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I need help finding the Fourier transform of the function

$$ \rho(\vec{r}) = \alpha \delta_{\vec{r},0} \left(\lambda\lambda' J_1 (\beta |\vec{r}|)Y_1(\beta |\vec{r}|) - \pi^2 J_0 (\beta |\vec{r}|)Y_0(\beta |\vec{r}|) \right), $$

where $\alpha,\beta \in \mathcal{R}$ and $\lambda,\lambda'=\pm1$. The $J_i(x)$ are the $i$-th Bessel functions of the first, the $Y_i(x)$ are the $i$-th Bessel functions of the second kind. $\delta_{\vec{r},0}$ denotes the Kronecker delta. This function represents the density of states after a scattering event off a delta potential on a discrete lattice in position space.

I would like to obtain the density of states in momentum space now and tried something like

$$ \rho(\vec{k}) = \sum_\vec{r} e^{-i\vec{k}\cdot\vec{r}}\rho(\vec{r}), $$

which should in fact not be too difficult because the only vector that contributes to the sum is $\vec{r} = \vec{0}$ due to the Kronecker delta in $\rho(\vec{r})$. The problem is that $\rho(\vec{r})$ diverges at this point. Is there any way to compute the Fourier transform of $\rho(\vec{r})$?


EDIT: In order to make clear where the Kronecker delta comes from, I'll explain briefly where it enters the scene.

I have the Green's function $G_0(\vec{r})$ needed for the description of scattering processes. This Green's function is a matrix and so is the scattering potential which is of the form

$$ V(\vec{r}) = \begin{pmatrix} V_0 \delta_{\vec{r},0} & 0 \\ 0 & 0 \end{pmatrix} $$

with $V_0$ constant. Since I'm working on a discrete lattice, the vector $\vec{r}$ is discrete, hence the Kronecker delta instead of a delta distribution. The density of states after one scattering event is then given by

$$ \rho(\vec{r}) = -\frac{1}{\pi} \text{Im Tr}\left[ G_0(\vec{r})V(\vec{r})G_0(\vec{r}) \right]. $$

So, the Kronecker delta comes from the potential.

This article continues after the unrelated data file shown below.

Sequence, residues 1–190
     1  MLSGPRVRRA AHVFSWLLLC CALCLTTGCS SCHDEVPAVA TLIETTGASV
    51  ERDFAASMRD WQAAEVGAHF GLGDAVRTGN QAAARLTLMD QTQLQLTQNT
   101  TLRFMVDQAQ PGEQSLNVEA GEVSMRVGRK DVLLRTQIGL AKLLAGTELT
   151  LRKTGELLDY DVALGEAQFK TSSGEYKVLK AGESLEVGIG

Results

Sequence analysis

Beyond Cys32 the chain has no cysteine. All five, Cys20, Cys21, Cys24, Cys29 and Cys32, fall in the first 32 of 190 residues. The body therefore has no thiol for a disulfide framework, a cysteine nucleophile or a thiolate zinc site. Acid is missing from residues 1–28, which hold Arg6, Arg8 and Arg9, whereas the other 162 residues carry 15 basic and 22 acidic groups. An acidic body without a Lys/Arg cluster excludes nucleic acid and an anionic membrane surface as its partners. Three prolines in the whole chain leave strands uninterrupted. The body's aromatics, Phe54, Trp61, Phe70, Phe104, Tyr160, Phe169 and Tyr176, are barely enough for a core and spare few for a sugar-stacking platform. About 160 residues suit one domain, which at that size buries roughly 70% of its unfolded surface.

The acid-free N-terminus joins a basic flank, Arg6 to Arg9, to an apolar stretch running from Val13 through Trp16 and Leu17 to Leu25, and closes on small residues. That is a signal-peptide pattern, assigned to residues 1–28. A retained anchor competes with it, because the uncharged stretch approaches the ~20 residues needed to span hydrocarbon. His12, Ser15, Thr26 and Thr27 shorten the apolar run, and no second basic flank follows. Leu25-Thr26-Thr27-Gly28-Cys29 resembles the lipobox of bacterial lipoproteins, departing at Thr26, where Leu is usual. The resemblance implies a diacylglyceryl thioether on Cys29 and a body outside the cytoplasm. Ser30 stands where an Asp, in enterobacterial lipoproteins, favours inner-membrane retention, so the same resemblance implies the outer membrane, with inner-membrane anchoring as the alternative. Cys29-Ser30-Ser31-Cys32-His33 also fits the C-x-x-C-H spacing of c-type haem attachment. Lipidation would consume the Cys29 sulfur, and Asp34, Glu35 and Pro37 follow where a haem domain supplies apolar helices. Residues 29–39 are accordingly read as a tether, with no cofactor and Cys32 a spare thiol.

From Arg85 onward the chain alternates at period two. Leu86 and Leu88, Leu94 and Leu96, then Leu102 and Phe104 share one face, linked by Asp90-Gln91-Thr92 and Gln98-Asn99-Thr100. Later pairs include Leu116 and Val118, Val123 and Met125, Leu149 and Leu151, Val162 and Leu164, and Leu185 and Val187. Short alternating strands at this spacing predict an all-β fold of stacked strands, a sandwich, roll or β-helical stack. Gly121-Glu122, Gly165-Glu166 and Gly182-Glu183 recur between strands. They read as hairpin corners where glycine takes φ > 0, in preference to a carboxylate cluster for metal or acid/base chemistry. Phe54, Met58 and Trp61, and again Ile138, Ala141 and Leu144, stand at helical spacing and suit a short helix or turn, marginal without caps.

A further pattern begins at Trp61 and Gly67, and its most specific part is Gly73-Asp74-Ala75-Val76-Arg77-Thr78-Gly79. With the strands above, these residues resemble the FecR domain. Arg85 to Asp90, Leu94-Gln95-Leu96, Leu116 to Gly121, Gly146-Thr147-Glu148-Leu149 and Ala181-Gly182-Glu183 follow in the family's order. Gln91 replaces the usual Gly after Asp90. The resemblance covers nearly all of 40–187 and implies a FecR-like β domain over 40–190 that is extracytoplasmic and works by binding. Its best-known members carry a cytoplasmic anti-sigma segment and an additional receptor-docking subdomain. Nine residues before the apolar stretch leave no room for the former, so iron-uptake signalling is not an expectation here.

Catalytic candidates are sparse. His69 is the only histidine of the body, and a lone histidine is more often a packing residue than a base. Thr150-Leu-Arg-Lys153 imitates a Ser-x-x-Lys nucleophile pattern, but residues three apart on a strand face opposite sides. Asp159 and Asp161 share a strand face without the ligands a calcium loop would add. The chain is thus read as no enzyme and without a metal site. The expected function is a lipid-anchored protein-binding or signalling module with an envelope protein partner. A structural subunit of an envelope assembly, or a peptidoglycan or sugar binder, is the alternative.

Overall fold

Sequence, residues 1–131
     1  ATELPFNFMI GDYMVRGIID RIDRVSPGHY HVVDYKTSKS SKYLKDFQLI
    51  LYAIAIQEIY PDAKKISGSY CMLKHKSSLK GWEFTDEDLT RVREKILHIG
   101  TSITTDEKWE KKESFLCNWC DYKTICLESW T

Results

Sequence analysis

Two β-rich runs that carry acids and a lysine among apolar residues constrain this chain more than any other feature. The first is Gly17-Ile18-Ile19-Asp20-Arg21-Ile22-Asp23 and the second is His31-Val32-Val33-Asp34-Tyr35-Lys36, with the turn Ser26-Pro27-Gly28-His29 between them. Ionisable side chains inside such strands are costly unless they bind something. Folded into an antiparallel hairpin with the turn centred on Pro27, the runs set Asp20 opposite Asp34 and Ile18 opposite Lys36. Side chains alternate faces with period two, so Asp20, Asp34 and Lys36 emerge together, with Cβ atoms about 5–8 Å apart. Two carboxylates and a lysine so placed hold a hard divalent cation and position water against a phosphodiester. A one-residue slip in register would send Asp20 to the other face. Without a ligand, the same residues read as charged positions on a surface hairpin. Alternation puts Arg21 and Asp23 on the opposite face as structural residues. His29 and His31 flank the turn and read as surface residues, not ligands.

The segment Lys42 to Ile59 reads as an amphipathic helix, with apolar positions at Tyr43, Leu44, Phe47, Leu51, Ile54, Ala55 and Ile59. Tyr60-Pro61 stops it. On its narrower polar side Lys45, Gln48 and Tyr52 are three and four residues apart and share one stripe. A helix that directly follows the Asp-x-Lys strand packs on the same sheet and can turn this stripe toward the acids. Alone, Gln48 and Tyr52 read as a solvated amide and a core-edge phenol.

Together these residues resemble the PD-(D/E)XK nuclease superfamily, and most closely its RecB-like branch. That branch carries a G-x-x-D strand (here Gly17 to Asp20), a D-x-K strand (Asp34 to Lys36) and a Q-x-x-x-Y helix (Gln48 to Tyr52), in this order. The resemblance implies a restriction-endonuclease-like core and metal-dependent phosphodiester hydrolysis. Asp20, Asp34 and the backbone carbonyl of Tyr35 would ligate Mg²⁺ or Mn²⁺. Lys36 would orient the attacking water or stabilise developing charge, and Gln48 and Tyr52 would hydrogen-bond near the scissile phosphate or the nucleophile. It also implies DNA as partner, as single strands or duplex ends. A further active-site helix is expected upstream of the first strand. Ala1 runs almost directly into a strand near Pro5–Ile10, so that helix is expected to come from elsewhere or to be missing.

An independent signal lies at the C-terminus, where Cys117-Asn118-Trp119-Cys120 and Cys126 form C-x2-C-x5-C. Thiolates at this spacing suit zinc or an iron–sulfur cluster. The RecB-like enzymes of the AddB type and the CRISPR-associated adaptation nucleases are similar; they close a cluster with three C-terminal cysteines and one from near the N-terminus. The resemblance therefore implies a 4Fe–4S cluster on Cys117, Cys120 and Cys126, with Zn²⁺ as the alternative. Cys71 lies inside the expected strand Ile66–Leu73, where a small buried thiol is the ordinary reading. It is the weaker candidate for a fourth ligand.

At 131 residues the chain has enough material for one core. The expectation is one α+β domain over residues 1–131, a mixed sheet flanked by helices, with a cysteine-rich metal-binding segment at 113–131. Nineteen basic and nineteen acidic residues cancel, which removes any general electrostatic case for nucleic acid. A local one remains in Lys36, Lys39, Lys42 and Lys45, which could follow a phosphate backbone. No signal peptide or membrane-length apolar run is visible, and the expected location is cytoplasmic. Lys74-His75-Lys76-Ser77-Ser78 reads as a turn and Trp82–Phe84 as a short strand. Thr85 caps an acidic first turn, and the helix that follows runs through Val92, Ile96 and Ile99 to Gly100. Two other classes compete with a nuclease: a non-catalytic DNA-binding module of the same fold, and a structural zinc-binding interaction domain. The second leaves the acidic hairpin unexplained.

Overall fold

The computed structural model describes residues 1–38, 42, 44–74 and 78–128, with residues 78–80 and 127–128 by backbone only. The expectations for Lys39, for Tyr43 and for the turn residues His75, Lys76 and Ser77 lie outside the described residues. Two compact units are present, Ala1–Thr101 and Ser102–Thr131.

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  • $\begingroup$ The Kronecker delta makes extremely little sense with a continuous input $-$ and, basically, its integral is exactly zero, as you can modify it point-wise to just the zero function without changing the value of the integral. Your problems are upstream of the $\rho(\vec r)$ that you've posted, at the very least going back to the first point where that non-kosher $\delta_{\vec r,0}$ was introduced. $\endgroup$ – Emilio Pisanty Aug 10 '18 at 11:51
  • $\begingroup$ @EmilioPisanty: I've edited my post and explained where the Kronecker delta comes from. Could you tell me what should be done differently? $\endgroup$ – MeMeansMe Aug 10 '18 at 12:08
  • $\begingroup$ That still doesn't explain where the Kronecker delta comes from. The Dirac delta is useful because it is a distribution with a nontrivial effect, but when acting on the continuum the Kronecker delta is the distribution that takes any given function $f$ to zero (i.e. it is trivial). You need to do the distribution theory correctly upstream of that $V(\vec r)$. $\endgroup$ – Emilio Pisanty Aug 10 '18 at 12:15
  • $\begingroup$ To be honest, the only reason for the Kronecker delta is that I want to have some potential on the lattice point sitting in the origin. All other lattice points are unaffected by the potential. So, it's not clear to me what I'm supposed to do "before" $V(\vec{r})$ because I introduce the Kronecker delta by hand. Maybe I'm completely missing the point, though... $\endgroup$ – MeMeansMe Aug 10 '18 at 12:24
  • $\begingroup$ Introducing a Kronecker delta by hand is the same as introducing $V(\vec r) \equiv 0$ by hand, and you can just solve your problem right then and there. We cannot tell you what you're "supposed" to do because we do not have enough context of the analytical environment you're working with or what you want to describe with it. It sounds like you want to describe a contact interaction in some two-component spinor, which are normally given by Dirac deltas (and which you can read up on in any cold-atoms textbook), but again, we're not here to tell you what to do. $\endgroup$ – Emilio Pisanty Aug 10 '18 at 12:36

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